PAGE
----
Let’s assume Tatis, Jr. sticks at leadoff and plays to projections, Manny fits as a 3, I think Ramirez would be a perfect fit at the 2. Hosmer, etc. fill in down the line.

    I really like where we’re heading! But, there is a lot of work ahead, too.

    1. On the cheap, I would target Villar. Again, this only if the Padres believe in the outfield more than 2B. Left handed outfielders are needed as well.

      1. Imagine…

        SS Tatis, Jr. R
        2B Ramirez S
        3B Machado R
        1B Hosmer L
        LF Myers R
        RF Reyes or Renfroe R
        CF Margot R
        C Hedges R/ Mejia S

        Imagine a lefty or switch hitter in RF. A healthy, at-potential Cordero for example. Would the Indians take a Urias, Reyes, Renfroe package for Ramirez and a pitcher as one possibility? They won’t be resigning their SS, so…?

  2. Kinsler’s signing made sense when it happened, but his role changed after the club signed Machado and fast-tracked Tatis. Now he is depth, and clubhouse character. Might as well give Urias a prolonged go at it and see what he can do. If hits at all the job will be his.

  3. I believe that Xavier Edwards is the future at 2nd base. He knows who he is as a hitter. He stated at the draft that he’s a table setter and the game still needs table setters. That’s what the big league line up needs.

  4. Thanks for the article. In agreement…..mostly.

    Regarding your comment “Urias was not swinging well in El Paso”….he was hitting .333/.400/.556 when called up. That’s not to shabby.

    Now, his Spring Training results were something entirely different (he stunk, to put it mildly). He is trying to hit homers and that isn’t his game. Which is probably what we are seeing from him at the Major League level….presently.

    Me personally, I am not ready to ordain Urias as the future at the position. He has skills, no doubt!
    If I were him though, I would be looking over my shoulder at Hudson Potts (signs of the bat waking up at the Double A level….and if it does, look out), Owen Miller (has hit everywhere and is on a rocket ship trajectory towards the majors) and Xavier Edwards (same as Miller, only Edwards looks to be the real deal at the top of the lineup…..and understands his game isn’t power), etc.

    For Urias, getting on base, solid base running, scoring runs and playing great defense are his strengths. If he doesn’t figure that out soon, there are more guys on the way. Some of them with much, much louder skills sets.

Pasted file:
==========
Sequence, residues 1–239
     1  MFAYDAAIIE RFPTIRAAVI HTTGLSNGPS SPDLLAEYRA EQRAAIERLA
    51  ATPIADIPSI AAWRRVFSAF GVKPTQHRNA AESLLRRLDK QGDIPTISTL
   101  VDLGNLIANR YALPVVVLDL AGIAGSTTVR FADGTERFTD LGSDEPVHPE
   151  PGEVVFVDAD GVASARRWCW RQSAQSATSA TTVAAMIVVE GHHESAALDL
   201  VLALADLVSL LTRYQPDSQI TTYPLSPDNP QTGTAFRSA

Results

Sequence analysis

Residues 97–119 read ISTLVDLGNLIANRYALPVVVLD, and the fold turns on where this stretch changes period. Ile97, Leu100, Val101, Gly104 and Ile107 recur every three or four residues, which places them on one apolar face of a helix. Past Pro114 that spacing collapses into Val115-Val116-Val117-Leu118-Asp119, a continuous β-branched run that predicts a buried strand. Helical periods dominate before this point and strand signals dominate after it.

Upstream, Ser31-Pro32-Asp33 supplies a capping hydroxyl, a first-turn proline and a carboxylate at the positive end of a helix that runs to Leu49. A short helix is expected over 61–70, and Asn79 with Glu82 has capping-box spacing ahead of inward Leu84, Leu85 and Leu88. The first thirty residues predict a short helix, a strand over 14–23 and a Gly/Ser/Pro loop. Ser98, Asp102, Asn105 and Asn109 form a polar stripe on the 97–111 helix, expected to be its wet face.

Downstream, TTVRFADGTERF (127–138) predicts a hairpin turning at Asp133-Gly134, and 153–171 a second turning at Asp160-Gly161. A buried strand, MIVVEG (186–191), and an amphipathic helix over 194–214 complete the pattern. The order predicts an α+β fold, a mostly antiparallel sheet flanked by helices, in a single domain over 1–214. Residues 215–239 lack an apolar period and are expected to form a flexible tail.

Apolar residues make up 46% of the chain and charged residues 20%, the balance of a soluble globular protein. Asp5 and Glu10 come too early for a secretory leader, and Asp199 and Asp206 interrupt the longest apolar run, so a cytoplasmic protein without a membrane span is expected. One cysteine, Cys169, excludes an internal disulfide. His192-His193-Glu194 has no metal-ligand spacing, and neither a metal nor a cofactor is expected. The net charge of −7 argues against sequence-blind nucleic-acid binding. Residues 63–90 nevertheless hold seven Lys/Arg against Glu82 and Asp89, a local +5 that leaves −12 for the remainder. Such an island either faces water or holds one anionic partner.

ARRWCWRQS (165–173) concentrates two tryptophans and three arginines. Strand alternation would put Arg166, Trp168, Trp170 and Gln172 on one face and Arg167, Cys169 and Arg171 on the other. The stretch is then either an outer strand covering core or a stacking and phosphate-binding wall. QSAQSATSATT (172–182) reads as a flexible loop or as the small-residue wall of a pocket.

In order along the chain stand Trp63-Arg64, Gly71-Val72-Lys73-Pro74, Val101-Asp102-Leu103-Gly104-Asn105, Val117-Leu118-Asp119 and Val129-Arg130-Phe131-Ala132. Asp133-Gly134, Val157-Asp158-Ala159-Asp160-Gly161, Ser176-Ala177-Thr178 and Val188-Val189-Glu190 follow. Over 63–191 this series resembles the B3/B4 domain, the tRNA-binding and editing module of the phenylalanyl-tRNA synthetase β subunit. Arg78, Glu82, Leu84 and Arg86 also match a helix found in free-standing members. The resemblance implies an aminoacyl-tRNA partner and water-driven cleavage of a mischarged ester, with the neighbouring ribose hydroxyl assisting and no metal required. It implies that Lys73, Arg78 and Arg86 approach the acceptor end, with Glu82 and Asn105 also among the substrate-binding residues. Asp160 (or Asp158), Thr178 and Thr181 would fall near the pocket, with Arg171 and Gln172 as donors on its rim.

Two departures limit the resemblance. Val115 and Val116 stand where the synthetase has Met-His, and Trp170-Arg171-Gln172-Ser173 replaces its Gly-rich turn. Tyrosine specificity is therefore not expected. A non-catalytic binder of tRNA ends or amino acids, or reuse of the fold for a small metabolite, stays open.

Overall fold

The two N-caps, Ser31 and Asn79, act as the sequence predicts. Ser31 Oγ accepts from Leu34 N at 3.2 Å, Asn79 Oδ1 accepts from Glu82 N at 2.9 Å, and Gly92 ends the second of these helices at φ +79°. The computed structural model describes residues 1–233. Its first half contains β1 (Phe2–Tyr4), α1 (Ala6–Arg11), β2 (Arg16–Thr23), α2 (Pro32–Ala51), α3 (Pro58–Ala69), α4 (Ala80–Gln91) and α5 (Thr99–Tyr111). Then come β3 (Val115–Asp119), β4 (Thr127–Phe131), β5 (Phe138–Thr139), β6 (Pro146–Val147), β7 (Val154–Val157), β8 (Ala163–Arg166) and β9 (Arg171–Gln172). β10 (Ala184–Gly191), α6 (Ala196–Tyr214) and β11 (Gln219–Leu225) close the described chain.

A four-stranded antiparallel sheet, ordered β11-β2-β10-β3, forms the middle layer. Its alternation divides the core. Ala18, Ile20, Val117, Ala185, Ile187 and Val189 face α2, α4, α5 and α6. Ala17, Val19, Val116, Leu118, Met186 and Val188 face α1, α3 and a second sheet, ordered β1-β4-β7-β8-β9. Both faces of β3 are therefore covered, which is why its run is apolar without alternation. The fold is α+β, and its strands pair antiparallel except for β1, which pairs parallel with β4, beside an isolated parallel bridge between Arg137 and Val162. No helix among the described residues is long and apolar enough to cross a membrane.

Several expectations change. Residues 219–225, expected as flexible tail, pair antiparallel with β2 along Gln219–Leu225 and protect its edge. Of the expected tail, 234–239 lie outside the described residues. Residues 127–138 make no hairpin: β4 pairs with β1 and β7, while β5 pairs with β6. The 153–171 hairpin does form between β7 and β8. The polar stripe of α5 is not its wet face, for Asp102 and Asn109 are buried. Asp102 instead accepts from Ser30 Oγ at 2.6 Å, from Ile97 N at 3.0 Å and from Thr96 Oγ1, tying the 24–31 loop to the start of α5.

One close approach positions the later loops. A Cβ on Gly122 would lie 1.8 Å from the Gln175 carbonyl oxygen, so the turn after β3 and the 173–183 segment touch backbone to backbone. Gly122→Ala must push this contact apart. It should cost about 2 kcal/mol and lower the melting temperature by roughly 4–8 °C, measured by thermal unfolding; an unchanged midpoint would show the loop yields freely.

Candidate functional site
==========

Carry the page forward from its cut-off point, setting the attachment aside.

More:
Regarding Kinsler, got to agree, he has a Slider speed bat……at best. Good dude. But, he seems to be a late inning defensive sub at this point. Hope he figures it out. Otherwise, can’t see Green putting his name in the lineup often.

    WARNING: Rant about to begin…..

    Overall, this team has not had any consistency at getting on base in years (at least 12 years has passed since they got on base better than .323) .

    And nearly everyone of these guys swing like they are gonna have a 40 home run season (which ain’t gonna happen)….even with 2 strikes on them!!!!

    Even if they did go yard, they would have 60 – 70 RBI’s (at best) on the season!! Because no one gets on base in front of them. Plate discipline is foreign to this team.

    Rant done…..

    1. 18 at-bats in the hitter’s haven that is the PCL is not exactly a great way to judge how he is swinging.

      I agree there are plenty of options for the team at 2b in the future.

      Rant on. Every passionate fan is entitled to this.

    2. Dude – will you get off the “actually he hit .333 and….” I’m so sick of nerds like you who think they are “winning” baseball arguments because you memorize baseball stats. 90% of you completely suck at baseball and will never hit one over the fence. If you actually want to work on your own game, here’s some advice bro: ignore the statistics. In fact, anyone in the Industry will tell you the same thing.

      1. So does that mean we should ignore your statistic of 90%? As anyone in the stats business will tell you, 48.3% of statistics are made up on the spot.

  5. Good article James and very timely. I’m sure this has been on the minds of many Padres fans.

    Unfortunately I feel like Kinsler is this years Chase Headley and days are numbered. The Padres may have to lean more on Machado, Hosmer, and Hedges to provide veteran leadership if Kinsler can’t pull it together.

    Honestly I would prefer a platoon of Luis Urias and Esteban Quiroz to create some competition for the position. Quiroz can rake and also has some pop and deserves a shot at the big league level. I would even entertain Pirela who is a defensive liability over Kinsler but has shown he can hit at the big league level.

    1. In 961 plate appearances Pirela has earned an OPS+ of 91 and an oWAR of 1.1, which pretty much proves the opposite of what you are claiming.

    2. I like that Idea, Quiroz is solid at defense, can play all over the infield, good bat with pop, so yeah they should give him a shot ✌️